Some scientists just uploaded a GIF of a horse onto bacteria

Static pictures are a thing of the past, now that the world and its Slack has discovered GIFs. Your mum is currently using them on Facebook Messenger, hell even WhatsApp has embraced the GIF, but for some reason hides how to do it like it's ashamed of the little animations.

And now scientists have discovered GIFs. But instead of using Giphy like any normal person, they're using live bacteria to show off their GIF-like wares.

Scientists at Harvard have harnessed something called CRISPR (clustered regularly interspaced short palindromic repeats) to animate the GIF on to a strand of E Coli, painstakingly sequencing proteins (knowns as Cas1 and Cas2) on to the bacteria so that they take the form of a horse galloping.

Given this type of DNA archiving is very much in its early stages, the GIF chosen was an apt one. It is of a galloping horse that Eadweard Muybridge used to pioneer moving picture technology way back in 1878. Muybridge also did something similar with a nude woman turning around in surprise but I guess the scientists deemed that a little too risqué to animate into bacteria.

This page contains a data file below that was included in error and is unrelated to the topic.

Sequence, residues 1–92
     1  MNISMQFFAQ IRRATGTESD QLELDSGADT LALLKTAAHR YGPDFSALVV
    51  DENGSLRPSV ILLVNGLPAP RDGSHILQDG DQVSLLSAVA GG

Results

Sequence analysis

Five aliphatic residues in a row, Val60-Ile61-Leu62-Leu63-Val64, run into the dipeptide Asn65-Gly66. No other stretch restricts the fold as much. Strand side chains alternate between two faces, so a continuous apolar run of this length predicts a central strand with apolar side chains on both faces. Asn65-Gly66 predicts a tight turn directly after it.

The GIF that keeps on GIF-ing

Now the horse animation is being used again to show off the, quite staggering, opportunities archiving and recording data on living things presents.

As cool as our drumming horse is, this is the actual gif

As the report by Nature explains: “When harnessed, this system has the potential to write arbitrary information into the genome. Here we use the CRISPR–Cas system to encode the pixel values of black and white images and a short movie into the genomes of a population of living bacteria. 

"In doing so, we push the technical limits of this information storage system and optimize strategies to minimize those limitations.”

It could eventually mean that living cells have the potential to have their own 'black box recorder', something scientists could tap into to see how things are developed without actually impinging on the development process.

Via the Guardian